Nuclear Fusion

The Sun gets its energy from nuclear fusion

In 1938, Hans Bethe put an end to centuries of speculation when he demonstrated that the Sun’s energy is drawn from a cycle of fusion reactions involving light nuclei such as hydrogen, helium, lithium and carbon. So much energy is released in these reactions that the Sun’s centre can reach temperatures of several million degrees Centigrade. At such high temperatures, very little nuclear ‘fuel’ is required in the fusion reactions, thus our Sun’s mass will allow it to keep on shining for a few billion years.

Deuterium-tritium fusion reaction
Of all the light nuclei fusion reactions, the deuterium-tritium fusion (involving heavy isotopes of hydrogen) releases the most energy and is considered to be the most promising one to eventually conduct on Earth.

Physicists were very quickly able to conduct nuclear fusion experiments of their own; first involving smaller amounts of energy in laboratories, before moving on to more impressive scales. The first ‘non-controlled’ thermonuclear explosions on Bikini Island in 1949 raised interest in the possibility of conducting artificial ‘controlled’ fusion on Earth. Why the interest? Well, hydrogen, helium and carbon are elements that are very abundant on our planet, and thus an ability to harness nuclear fusion could open the door on a virtually inexhaustible energy supply.

What we refer to as nuclear fusion is a reaction that temporarily binds together two lighter nuclei, where by ‘lighter’ we mean that the combined number of neutrons and protons in both nuclei is far below 60. This reaction results in the fusion of the two initial nuclei into one intermediate heavier nucleus which then decay into two other light nuclei, both different from the original pair. Tremendous amounts of energy are also released at the atomic scale, in the form of kinetic energy bestowed upon the two fusion products. The figure below shows a fusion reaction between the nuclei of deuterium (an isotope of hydrogen with one neutron) and tritium (an isotope of hydrogen containing two neutrons), considered to be the most promising reactions when considering the amount of energy produced.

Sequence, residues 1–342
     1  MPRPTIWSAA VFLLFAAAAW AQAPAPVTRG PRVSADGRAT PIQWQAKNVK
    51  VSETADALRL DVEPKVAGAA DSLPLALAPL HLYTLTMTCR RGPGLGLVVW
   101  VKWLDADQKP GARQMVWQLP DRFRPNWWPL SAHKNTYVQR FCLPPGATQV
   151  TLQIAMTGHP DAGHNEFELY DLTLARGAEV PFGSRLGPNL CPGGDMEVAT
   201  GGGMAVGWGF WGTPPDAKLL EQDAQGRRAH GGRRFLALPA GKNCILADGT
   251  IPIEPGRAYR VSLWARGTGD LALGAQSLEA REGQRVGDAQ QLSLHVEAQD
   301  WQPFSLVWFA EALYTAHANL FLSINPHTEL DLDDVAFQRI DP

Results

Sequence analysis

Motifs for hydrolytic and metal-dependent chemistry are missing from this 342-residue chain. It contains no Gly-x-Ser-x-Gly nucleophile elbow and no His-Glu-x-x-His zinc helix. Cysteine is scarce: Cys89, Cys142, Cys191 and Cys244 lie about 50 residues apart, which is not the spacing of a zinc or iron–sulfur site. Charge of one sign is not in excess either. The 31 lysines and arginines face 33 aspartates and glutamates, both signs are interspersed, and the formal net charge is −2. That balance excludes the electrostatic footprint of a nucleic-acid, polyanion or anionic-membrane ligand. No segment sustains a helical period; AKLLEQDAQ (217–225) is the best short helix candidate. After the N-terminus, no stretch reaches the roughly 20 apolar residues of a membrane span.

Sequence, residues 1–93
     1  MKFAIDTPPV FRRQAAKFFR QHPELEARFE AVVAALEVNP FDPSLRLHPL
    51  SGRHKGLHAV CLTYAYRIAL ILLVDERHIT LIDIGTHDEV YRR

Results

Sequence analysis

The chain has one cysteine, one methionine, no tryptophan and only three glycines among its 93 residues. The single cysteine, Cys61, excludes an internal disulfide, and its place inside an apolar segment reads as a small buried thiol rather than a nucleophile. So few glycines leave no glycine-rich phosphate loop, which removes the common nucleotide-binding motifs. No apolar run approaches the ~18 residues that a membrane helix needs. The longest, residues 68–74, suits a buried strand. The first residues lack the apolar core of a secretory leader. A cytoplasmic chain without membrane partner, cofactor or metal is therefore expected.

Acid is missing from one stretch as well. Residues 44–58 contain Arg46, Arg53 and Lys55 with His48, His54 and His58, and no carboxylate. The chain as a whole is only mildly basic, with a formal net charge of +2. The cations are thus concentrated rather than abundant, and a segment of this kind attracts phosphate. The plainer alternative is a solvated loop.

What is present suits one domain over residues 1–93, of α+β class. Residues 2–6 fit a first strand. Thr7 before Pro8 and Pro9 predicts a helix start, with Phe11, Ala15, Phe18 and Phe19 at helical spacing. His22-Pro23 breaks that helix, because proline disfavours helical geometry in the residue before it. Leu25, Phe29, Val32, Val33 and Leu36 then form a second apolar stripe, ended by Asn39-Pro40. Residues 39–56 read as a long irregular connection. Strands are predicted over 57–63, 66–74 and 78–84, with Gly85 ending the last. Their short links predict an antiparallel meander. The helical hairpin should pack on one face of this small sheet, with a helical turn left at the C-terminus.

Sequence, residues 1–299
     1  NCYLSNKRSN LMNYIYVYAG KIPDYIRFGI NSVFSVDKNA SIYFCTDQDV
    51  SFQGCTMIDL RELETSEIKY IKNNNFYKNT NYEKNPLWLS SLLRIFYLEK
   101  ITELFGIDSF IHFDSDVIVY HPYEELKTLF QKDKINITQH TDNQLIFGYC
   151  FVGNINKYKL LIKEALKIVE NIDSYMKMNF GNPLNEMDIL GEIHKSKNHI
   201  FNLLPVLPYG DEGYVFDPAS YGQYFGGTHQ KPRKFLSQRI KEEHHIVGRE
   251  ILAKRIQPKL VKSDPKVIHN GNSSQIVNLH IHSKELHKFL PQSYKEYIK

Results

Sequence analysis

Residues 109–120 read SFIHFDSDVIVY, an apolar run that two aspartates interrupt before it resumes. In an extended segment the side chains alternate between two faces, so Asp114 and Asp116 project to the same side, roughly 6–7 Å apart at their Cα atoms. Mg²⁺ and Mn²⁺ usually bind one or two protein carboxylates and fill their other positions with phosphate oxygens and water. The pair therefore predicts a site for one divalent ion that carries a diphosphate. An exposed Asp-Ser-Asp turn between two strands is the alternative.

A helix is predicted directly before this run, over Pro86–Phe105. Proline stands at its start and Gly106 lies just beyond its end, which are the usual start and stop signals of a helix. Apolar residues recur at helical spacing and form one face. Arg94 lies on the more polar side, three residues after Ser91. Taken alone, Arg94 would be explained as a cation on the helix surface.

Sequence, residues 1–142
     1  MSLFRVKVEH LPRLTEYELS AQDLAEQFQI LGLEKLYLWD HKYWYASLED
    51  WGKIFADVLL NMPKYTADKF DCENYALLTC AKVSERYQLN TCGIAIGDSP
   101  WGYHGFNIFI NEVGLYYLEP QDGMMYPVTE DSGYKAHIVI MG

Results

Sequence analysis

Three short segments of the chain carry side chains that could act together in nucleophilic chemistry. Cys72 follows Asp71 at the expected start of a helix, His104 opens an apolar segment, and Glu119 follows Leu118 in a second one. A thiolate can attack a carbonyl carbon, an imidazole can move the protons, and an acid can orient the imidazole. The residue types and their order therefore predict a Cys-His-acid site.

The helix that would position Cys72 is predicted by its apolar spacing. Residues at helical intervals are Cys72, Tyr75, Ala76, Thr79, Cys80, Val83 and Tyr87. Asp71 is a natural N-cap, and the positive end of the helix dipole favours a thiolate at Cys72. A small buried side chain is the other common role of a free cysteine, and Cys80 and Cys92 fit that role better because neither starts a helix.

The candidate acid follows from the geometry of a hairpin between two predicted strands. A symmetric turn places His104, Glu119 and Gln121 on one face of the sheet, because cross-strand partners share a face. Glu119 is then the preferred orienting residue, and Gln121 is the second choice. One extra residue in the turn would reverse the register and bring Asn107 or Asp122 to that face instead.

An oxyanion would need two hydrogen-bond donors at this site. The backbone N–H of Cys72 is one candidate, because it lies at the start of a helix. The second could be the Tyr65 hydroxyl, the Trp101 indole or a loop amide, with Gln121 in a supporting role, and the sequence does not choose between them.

For more than fifty years, intensive research has been carried out on the question of controlled fusion. Numerous international experiments (JET in England, JT60 in Japan and TORE SUPRA in France, among others) have approached the ideal theoretical temperature, density, and reaction time required for nuclear fusion, and have observed highly encouraging results. Such experiments, however, bring with them immense technical requirements; such as the effective extraction of energy or the maintaining of temperatures in the millions of degrees C (most substances on Earth can only exist up to 3,000 degrees). These problems have not yet been resolved, but highly advanced technical solutions are being developed in an attempt to overcome them.

Fusion machine performance levels
Comparing the results of the various fusion experiments (both present and future) according to the Lawson ignition criterion.
Of all these proposed solutions, a technique devised by Russian physicists in the 1960’s is currently the most popular. The tokamak is a magnetic ring which surrounds the (plasma) particles that need to be fused together, and heats them to several millions of degrees C. The ionised particles are kept prisoners by an intense magnetic field. They are held in place by an invisible ‘circular magnetic chamber’, so that they do not come into contact with the rest of the experimental setup.

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